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ORIGINAL ARTICLE
Year : 2018  |  Volume : 14  |  Issue : 59  |  Page : 499-506  

Cytotoxicity and cell migration suppression by noni fruit extract on Michigan Cancer Foundation-7 human breast cancer cells and development of topical microemulsions


1 Department of Pharmaceutical Sciences, School of Pharmaceutical Sciences, University of Phayao, Phayao, Thailand
2 Faculty of Medicine, Mahasarakham University, Maha Sarakham, Thailand
3 Department of Pharmaceutical Technology, Faculty of Pharmaceutical Sciences, Naresuan University, Phitsanulok, Thailand

Date of Submission03-Aug-2018
Date of Decision11-Sep-2018
Date of Web Publication17-Jan-2019

Correspondence Address:
Supavadee Boontha
Department of Pharmaceutical Sciences, School of Pharmaceutical Sciences, University of Phayao, 19 Moo 2, Tambon Maeka, Ampur Mueng, Phayao 56000
Thailand
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Source of Support: None, Conflict of Interest: None


DOI: 10.4103/pm.pm_403_18

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   Abstract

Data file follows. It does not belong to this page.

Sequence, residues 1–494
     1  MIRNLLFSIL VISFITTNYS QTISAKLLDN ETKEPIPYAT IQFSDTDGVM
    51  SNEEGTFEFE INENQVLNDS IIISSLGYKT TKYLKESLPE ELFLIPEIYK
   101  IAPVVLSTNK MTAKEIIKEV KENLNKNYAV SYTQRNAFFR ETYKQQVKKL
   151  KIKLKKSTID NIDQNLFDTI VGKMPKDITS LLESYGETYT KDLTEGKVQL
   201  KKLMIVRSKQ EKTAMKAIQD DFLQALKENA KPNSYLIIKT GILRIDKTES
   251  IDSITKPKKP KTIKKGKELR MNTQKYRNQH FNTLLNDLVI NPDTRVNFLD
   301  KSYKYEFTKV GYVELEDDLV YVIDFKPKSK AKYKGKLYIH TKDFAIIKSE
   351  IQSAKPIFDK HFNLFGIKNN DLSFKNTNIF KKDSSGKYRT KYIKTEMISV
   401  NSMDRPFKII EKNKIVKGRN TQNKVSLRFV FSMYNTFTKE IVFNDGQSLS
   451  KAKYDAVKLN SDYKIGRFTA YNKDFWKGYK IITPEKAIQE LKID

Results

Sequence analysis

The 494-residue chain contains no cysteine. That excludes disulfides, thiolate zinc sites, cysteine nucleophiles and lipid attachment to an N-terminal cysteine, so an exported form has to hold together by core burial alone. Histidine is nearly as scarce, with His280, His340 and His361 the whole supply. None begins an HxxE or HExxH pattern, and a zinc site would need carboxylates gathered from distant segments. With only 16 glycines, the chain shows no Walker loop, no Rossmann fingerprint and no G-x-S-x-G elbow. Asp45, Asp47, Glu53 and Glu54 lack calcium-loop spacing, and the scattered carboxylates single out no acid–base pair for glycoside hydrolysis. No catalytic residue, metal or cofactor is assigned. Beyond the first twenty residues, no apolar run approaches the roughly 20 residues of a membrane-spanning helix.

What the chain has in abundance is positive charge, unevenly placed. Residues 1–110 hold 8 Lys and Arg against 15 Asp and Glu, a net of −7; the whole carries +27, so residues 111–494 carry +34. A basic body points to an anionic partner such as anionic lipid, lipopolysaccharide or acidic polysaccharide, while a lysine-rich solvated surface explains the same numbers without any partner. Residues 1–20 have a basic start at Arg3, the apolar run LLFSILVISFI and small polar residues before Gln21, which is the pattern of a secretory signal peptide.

Background: There is limited data about the anti-breast cancer activity of noni fruit ethanolic extract. Topical route is gaining interest as an alternative route for breast cancer treatment. Objectives: The aims of this study were to investigate the effect of noni fruit extract on cytotoxicity and cell migration suppression in Michigan Cancer Foundation-7 (MCF-7) human breast cancer cells and to develop topical microemulsions (MEs). Materials and Methods: The noni fruit ethanolic extract was prepared. Rutin content, a marker, in the extract was analyzed, and the antioxidant activity of the extract was determined. Cytotoxicity and cell migration suppression, indicating anti-breast cancer activity, were also assessed in MCF-7 cells by SRB assay and wound-healing assay. The MEs were developed by titration method. The developed noni MEs were evaluated regarding their physical appearance, viscosity, and pH before and after stability test. Results: Results showed that the rutin content in the noni extract was 4.02 ± 0.34 mg/g. The extract possessed antioxidant activity with inhibitory concentration (IC50) of 1.03 ± 0.01 mg/ml. It also showed cytotoxicity with IC50 values of 158.4 ± 12.5 μg/ml and cell migration suppression on MCF-7 cells with significant effect at 100 μg/ml. Eight ME systems were selected to incorporate the extract. Conclusion: Noni extract had potential anti-breast cancer activity. The ME, named noni ME-3, consisting of 0.7% w/w noni extract, 56% w/w olive oil, 20% w/w polysorbate 80, 20% w/w sorbitan oleate, and 4% w/w water phase, was shown to be the most attractive noni ME for the topical treatment of breast cancer.